## [S2] Bitwise operation: high order bits

In this exercise, we will work with operation on bits. When we speak about the position of a bit, index 0 corresponds to lowest order bit, 1 to the second-lowest order bit, ...

In C source code, you can write a number in binary (base 2) by prefixing it via 0b., e.g. 0b11010 = 26.

This exercise will introduce some non-standard data types which guarantee that the variable has a fixed number of bits. Indeed, on some machines, a int could use 2, 4 or 8 bytes. Hence, if we want to perform bitwise operations, we have to know first on how many bits we are working.

For this, C introduces a new class of variable types :

• int8_t (signed integer of 8 bits)
• uint8_t (unsigned integer of 8 bits)
• uint16_t (unsigned integer of 16 bits)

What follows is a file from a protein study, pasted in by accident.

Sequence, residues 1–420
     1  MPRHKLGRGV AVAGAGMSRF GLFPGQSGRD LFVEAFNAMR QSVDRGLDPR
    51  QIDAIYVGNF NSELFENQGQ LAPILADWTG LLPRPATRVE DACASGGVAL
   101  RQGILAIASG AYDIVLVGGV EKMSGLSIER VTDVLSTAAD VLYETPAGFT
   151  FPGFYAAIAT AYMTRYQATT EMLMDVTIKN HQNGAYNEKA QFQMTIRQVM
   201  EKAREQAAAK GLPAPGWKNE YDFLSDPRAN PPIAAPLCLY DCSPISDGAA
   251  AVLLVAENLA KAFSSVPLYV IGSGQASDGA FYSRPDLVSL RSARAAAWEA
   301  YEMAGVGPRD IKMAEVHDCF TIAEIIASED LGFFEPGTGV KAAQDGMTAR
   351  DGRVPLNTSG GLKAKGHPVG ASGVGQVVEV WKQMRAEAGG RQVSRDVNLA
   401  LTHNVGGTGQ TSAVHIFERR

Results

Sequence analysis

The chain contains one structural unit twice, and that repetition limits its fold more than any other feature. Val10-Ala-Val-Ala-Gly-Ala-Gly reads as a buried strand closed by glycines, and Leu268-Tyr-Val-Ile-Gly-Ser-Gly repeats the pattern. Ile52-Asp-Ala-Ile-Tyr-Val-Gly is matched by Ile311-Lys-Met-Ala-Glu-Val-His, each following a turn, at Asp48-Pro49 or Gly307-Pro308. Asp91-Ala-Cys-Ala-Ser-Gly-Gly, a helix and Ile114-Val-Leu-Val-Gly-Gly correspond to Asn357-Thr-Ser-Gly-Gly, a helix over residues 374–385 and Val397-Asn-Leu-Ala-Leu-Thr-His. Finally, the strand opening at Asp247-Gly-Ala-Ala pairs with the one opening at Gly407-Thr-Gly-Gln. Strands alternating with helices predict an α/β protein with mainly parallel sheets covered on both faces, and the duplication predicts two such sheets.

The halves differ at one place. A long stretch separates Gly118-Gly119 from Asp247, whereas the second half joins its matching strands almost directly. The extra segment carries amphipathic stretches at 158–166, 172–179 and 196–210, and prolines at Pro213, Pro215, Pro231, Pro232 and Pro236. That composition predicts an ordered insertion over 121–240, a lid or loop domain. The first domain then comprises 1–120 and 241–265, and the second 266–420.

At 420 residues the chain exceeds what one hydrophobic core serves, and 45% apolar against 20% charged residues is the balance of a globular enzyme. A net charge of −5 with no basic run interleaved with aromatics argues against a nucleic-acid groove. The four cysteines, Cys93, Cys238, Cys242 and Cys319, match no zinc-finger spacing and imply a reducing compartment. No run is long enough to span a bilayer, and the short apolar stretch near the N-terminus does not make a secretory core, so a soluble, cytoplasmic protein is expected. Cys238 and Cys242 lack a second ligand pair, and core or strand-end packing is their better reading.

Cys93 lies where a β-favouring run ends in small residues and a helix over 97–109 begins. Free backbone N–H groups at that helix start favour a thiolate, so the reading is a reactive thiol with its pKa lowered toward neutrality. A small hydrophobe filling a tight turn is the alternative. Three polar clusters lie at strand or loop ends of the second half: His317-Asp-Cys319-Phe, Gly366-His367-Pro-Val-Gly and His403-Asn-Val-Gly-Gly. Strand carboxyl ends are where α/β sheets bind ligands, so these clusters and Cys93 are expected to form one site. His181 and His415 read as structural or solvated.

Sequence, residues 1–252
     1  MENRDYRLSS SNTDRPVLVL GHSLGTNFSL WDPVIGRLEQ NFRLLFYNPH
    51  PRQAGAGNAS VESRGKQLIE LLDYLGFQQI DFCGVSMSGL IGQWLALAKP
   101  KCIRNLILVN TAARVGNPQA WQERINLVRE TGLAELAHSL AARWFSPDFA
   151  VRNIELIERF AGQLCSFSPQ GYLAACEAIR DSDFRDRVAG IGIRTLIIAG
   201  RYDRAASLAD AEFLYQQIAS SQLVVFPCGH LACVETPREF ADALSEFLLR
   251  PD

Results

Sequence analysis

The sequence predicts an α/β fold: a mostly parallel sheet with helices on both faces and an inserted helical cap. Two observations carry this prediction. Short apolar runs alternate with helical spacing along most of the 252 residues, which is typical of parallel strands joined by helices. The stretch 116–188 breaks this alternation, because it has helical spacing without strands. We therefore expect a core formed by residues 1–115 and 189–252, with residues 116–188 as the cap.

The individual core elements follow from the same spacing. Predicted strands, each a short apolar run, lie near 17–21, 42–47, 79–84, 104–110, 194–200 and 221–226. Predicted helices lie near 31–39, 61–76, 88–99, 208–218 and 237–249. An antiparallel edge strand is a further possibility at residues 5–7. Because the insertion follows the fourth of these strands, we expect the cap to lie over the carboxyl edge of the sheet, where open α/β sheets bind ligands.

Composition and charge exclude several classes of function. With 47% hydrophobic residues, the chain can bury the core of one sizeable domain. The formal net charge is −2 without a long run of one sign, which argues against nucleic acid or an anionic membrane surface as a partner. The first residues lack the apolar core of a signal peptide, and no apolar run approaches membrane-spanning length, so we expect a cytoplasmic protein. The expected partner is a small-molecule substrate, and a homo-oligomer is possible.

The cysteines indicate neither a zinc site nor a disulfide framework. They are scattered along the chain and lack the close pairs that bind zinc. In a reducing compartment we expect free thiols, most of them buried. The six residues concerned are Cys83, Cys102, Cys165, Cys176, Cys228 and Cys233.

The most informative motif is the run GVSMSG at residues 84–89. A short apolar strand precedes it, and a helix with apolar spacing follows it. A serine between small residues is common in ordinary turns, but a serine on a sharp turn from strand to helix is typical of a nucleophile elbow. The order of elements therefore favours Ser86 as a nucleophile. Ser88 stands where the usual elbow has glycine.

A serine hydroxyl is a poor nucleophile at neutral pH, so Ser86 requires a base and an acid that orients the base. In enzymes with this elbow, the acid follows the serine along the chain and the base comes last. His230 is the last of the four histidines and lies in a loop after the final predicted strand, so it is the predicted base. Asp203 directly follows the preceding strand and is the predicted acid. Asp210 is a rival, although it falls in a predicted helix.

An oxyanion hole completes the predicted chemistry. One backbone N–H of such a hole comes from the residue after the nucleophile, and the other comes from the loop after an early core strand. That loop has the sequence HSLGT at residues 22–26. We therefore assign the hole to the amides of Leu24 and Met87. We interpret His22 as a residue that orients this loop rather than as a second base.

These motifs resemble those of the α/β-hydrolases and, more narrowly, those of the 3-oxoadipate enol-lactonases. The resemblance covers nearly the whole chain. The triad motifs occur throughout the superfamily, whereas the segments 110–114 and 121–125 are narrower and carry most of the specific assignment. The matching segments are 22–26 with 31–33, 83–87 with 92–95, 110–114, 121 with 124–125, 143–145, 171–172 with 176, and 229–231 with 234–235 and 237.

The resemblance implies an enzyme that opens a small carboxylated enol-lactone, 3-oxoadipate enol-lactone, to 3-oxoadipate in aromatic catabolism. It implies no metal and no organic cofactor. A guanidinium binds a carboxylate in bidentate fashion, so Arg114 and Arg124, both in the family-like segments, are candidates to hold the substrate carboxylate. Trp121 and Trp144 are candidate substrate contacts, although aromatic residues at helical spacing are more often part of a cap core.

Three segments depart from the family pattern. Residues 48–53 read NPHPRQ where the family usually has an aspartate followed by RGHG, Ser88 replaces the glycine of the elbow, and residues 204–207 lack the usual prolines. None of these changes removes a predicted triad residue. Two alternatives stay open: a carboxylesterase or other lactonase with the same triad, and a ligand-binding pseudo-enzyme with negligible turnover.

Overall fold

You can mix uint or int with bit-lengths 8, 16, 32 and 64). These types are defined in <stdint.h>

Write the body of a function get_3_leftmost_bits that returns the 3 high order bits of x.

For instance, if x=0b11011001..., the function should return a uint8_t containing 0b00000110.

If x=0b01100001..., the function should return a uint8_t containing 0b00000011.

#include <stdint.h>
uint8_t get_3_leftmost_bits(uint32_t x) {

### Information

 Author(s) Arthur van Stratum Deadline No deadline Submission limit No limitation Category Tags S2